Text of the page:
Noel W. Anderson
I employ image-based mediums to explore relationships between race, class, gender, and sexuality. Primarily using Jacquard tapestries, printmaking, and film, my work mines archives particular to African American experiences (Ebony magazine, FBI files, etc.) as a means to think through representations of black masculinity. Technological modes of image reproduction provide me opportunities to engage polemics of black representation, while connecting historical dialogues of painting, printmaking, photography, sculpture, and weaving. The historical relationship between tapestry weaving and traditional and contemporary art provides space to address how historical materials affect representations of black maleness. The works are completely woven and not digitally printed on fabric.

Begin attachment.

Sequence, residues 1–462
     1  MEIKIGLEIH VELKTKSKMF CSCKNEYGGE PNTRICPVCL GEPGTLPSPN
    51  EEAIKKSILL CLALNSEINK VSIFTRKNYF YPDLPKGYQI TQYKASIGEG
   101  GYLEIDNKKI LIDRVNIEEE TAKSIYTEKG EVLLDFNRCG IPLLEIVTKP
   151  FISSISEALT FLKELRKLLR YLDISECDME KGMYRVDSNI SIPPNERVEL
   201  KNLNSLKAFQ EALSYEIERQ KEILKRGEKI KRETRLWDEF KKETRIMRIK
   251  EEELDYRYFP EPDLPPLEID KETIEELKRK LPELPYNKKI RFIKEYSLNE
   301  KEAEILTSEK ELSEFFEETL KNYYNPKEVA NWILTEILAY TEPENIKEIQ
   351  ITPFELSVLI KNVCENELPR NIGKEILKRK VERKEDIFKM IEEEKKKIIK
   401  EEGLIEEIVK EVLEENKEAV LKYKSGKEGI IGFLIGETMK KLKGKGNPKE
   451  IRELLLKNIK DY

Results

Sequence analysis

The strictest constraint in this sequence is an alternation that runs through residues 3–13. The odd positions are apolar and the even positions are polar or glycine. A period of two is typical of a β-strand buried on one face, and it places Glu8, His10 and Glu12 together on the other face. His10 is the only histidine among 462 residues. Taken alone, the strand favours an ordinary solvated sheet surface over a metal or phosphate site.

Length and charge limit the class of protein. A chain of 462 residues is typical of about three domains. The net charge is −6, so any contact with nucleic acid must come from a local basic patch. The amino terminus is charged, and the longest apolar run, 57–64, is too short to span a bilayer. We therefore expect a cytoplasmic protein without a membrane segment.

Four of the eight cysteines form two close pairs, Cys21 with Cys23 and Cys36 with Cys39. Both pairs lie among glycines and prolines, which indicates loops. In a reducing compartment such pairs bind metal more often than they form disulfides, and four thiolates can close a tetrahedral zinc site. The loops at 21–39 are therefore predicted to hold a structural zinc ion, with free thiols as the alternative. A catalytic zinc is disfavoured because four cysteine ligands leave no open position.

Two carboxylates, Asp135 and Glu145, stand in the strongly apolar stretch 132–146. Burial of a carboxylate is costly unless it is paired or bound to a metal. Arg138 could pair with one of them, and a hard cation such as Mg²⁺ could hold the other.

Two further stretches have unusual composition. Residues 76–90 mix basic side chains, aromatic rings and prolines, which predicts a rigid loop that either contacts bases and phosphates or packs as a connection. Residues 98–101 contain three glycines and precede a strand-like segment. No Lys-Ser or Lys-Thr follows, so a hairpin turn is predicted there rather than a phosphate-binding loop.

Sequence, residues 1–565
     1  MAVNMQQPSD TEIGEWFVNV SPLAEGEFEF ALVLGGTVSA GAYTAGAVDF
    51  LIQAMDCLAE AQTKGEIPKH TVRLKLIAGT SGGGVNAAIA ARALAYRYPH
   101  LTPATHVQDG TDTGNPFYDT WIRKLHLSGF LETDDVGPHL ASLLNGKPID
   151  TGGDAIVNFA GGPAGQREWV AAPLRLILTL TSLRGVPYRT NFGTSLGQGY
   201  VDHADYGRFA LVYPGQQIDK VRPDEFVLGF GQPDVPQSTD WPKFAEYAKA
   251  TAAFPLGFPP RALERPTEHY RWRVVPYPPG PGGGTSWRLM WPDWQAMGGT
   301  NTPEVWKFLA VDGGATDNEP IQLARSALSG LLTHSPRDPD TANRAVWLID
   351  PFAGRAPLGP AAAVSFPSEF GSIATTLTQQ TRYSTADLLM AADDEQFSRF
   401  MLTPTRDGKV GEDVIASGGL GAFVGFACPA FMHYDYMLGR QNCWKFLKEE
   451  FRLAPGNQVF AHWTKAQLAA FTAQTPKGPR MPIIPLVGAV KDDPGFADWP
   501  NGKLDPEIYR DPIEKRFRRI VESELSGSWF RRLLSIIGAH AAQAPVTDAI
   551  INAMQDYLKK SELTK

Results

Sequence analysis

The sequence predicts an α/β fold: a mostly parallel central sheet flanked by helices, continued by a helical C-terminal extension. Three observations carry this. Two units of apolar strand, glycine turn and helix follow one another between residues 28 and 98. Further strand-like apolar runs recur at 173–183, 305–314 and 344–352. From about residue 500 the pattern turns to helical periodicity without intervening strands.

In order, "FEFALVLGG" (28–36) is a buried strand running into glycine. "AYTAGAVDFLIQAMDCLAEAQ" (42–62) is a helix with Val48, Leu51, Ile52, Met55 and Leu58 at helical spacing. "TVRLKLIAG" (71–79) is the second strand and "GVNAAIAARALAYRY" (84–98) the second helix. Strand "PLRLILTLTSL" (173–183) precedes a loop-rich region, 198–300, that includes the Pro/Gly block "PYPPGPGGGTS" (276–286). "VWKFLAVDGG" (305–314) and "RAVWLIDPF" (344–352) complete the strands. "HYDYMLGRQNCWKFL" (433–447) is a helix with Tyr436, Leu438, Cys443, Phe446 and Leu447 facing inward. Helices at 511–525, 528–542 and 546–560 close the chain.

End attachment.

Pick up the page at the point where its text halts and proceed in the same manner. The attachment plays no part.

Applying technological methods to appropriated images from black archives is central to my research. After manipulating pictures, weavers render my images into tapestries. The tapestry is reworked by hand: dyeing, distressing, and dissolving the image. The labored image literally blurs its edges. The object poses many questions: What possibilities are proffered blackness by democratizing contemporary modes of production? How can weaving conceptually, materially, and historically disrupt the archive? Aligned with material concerns, the ambitions of the work are to insert discourses of black materiality into traditional and contemporary conversations. What happens when a photograph of black detainment is woven into a luxury commodity such as a tapestry, and further re-labored through dyeing and distressing? The images included here demonstrate my use of Jacquard tapestries, and concepts found in print and film, to explore crossings of race, class, gender, and sexuality.